I suppose having your character scrutinised comes with the job of being Prime Minister but it does seem Theresa May has been analysed by armchair psychologists to an extraordinary degree.
I’m certainly not qualified to add to that but I can tell you what she was like on the occasions I met her and what others have told me about their encounters.
It’s certainly true she could be a little awkward. I’ve been at media receptions where that’s been clear. But then most people would find those sort of events awkward.
The moments before an interview are always tense anyway and attempts at small-talk can sometimes fall flat. But when we were setting up to film an interview at the Welsh Conservative conference in Llangollen recently, she chatted easily about her holidays in Dolgellau and pointed out the hills which she said she’d been looking at wistfully on this visit.
When I came to compile my report for Wales at Six looking back at her times in Wales, it became apparent that she’s been here a lot in the last three years. I haven’t kept count, but I think it may have been more times than any other Prime Minister in recent memory.
When she came to Swansea to sign the Swansea Bay City Deal, I filled a similarly awkward moment with a silly remark about how every time that term was used I thought about the Bay City Rollers. To my surprise she laughed, put her hand on my arm and said, ‘I’ve been saying the same thing!’
However, during the 2018 Conservative conference in Birmingham she showed some of that famous inflexibility. The newly-elected Welsh Conservative leader Paul Davies had used his debut conference speech to call for a snap Assembly election when whoever was to succeed Carwyn Jones took over the job of First Minister. An obvious thing to raise with her and which presumably had the full support of her team.
Imagine my surprise when she said the last thing anyone would want was a snap election. I guessed she was thinking about a UK General election and so clarified I meant Assembly election. She stuck to her refusal. I put it to her that seemed like a rebuke to a very new leader. She denied that but continued to say there should be no snap elections of any kind.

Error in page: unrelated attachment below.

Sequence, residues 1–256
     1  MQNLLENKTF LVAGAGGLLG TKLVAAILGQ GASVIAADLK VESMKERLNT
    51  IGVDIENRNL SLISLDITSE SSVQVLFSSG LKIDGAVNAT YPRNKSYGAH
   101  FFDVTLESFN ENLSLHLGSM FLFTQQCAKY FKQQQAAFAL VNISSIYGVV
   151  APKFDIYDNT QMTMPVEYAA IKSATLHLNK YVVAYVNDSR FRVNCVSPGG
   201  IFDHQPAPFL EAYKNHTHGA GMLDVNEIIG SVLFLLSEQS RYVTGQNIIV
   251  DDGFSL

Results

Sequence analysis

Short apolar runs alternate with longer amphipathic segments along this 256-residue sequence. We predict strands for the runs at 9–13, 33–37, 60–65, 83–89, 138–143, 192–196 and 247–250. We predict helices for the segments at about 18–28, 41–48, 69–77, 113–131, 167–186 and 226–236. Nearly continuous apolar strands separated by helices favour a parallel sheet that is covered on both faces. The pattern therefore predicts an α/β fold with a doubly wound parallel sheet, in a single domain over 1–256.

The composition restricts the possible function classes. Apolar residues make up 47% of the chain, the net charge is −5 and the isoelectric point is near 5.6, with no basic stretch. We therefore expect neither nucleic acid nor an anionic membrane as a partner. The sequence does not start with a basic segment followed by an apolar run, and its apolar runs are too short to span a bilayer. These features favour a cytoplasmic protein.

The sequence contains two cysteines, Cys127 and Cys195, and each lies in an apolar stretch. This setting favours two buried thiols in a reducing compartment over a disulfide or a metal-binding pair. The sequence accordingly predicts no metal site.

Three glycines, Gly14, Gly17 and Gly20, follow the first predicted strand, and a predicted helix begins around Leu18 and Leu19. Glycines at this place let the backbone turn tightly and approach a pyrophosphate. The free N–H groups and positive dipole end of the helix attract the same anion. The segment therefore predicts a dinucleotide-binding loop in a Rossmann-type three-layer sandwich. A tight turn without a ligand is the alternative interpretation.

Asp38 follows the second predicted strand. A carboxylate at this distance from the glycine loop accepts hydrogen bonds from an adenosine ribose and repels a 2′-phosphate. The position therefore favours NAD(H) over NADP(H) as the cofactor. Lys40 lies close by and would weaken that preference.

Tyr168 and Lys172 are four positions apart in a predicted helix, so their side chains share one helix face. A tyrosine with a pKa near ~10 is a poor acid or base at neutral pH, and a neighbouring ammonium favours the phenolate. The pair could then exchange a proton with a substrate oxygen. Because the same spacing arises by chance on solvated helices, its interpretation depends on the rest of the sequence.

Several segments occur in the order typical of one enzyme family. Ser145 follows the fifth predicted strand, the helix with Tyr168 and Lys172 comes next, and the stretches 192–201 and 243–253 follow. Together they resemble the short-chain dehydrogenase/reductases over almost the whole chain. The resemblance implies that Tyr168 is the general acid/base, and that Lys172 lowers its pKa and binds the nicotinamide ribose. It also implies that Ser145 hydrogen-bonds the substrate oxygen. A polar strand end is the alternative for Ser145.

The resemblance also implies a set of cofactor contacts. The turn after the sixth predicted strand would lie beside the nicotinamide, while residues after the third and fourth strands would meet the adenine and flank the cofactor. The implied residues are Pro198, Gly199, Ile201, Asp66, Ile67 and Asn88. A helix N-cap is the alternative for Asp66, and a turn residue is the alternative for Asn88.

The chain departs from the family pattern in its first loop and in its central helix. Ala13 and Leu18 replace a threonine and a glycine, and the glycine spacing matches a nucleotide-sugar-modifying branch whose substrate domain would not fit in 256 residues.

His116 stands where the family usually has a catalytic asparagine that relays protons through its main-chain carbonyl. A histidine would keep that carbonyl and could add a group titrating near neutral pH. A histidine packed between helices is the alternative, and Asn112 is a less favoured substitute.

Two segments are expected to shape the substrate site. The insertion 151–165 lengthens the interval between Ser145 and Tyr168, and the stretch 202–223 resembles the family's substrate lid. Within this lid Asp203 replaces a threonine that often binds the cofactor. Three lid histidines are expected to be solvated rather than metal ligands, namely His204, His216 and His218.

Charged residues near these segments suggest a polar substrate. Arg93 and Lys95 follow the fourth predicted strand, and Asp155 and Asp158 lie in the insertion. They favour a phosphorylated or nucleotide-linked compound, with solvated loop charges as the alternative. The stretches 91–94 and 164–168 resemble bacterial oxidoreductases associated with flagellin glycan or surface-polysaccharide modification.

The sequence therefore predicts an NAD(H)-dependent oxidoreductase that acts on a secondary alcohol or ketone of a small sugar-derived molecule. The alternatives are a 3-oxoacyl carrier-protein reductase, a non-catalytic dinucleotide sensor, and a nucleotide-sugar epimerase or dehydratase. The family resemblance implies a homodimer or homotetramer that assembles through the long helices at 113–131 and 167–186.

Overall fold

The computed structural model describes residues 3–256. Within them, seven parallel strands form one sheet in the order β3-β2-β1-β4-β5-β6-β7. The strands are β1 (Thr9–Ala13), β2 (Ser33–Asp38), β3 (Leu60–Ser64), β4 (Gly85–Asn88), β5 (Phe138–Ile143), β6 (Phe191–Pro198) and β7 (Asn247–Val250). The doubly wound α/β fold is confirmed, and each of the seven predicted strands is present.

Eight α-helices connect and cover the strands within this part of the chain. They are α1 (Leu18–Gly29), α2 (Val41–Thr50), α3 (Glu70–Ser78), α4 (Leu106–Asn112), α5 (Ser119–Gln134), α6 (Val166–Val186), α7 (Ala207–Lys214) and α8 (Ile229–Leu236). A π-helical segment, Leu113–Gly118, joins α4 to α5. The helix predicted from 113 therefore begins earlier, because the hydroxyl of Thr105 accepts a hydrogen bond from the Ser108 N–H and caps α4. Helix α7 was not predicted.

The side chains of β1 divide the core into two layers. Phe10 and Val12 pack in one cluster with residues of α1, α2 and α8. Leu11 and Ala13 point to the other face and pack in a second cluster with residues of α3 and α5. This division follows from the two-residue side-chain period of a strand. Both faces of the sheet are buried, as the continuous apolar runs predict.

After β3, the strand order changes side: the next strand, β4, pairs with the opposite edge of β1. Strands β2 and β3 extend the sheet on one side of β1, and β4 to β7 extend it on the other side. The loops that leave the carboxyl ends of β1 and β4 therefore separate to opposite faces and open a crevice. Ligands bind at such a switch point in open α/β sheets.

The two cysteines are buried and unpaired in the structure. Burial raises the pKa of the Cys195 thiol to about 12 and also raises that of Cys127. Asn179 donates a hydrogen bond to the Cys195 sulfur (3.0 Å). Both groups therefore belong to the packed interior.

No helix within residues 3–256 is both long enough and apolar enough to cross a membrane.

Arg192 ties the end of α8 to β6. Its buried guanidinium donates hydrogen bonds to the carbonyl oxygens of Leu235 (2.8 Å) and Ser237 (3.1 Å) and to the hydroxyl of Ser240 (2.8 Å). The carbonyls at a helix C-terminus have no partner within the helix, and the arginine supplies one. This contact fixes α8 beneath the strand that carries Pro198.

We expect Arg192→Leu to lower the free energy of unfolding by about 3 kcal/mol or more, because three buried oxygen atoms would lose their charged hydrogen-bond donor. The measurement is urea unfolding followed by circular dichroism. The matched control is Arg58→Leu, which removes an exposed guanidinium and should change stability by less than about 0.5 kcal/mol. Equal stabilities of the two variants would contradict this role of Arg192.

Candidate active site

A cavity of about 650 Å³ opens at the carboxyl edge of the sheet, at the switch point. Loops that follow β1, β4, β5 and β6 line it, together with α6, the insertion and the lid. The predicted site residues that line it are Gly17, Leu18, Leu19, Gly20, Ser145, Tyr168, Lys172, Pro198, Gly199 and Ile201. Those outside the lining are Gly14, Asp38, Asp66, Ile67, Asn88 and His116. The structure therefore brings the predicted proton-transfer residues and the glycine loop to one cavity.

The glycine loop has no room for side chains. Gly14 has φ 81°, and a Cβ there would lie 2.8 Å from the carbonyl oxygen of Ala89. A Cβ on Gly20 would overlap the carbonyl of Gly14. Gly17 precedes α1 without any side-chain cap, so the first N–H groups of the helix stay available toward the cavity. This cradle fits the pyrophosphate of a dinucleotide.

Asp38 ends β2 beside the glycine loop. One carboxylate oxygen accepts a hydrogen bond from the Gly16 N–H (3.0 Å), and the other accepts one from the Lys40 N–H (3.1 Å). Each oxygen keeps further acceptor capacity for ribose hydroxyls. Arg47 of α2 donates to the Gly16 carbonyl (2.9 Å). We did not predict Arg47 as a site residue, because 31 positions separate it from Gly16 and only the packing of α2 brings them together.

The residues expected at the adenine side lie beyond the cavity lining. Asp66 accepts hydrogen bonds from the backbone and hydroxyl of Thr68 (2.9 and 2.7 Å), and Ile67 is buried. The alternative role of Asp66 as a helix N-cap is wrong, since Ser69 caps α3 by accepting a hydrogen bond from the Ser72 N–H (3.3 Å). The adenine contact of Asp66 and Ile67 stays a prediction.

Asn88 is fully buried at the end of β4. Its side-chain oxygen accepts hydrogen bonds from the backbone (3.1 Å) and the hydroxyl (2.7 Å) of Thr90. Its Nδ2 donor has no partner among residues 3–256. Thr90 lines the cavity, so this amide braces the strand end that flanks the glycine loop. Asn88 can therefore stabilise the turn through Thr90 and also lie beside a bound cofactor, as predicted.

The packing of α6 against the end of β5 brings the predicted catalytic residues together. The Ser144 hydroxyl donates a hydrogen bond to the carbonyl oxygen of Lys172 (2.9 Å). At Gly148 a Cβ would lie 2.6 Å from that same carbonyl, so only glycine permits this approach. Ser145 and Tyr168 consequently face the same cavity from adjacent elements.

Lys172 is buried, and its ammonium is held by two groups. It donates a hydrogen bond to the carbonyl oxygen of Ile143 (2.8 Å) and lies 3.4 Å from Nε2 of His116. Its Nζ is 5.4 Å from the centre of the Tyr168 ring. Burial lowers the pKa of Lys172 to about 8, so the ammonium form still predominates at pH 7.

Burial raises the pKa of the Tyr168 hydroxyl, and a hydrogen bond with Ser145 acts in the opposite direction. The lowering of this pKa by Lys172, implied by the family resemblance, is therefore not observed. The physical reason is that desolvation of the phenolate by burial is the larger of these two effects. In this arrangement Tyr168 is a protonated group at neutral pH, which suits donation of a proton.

It was a cock-up rather than conspiracy, government sources later told me. She simply hadn’t been briefed properly about it. Whatever the reason it caused an unnecessary problem for Paul Davies and a good story for me.
Other politicians from different parties have told me about how they found her scrupulously polite but also found it quite difficult to get beyond her reserve.
‘'In person, she’s actually much warmer than you’d expect. Like a kind of aunt’' said one opposition figure who’s met her on often difficult occasions. '‘But she still lacked political astuteness and always seemed to rely on others in the room for sharp elbows or quick wit.’'
One senior Tory described to me a meeting with her at the Home Office.
'‘All I can say,’' they told me, '‘is that from a social point of view it was the most awkward meeting I ever had.’'
I’ve also been told that she was over-reliant on the wrong people who led her ‘'up the wrong street.’'
In one tense and sensitive meeting near the beginning of her time as Prime Minister, those who were there described how the PM’s then-adviser, Fiona Hill, took complete charge of the discussion and called all the shots. Not all awkward meetings stayed awkward though.
Guto Bebb, who resigned from her government over her handling of Brexit told me how one difficult meeting turned more light-hearted when he raised an April Fool news story with her after conversation ran out.
If she wants to look for a holiday home in Dolgellau, she’ll have plenty of time now.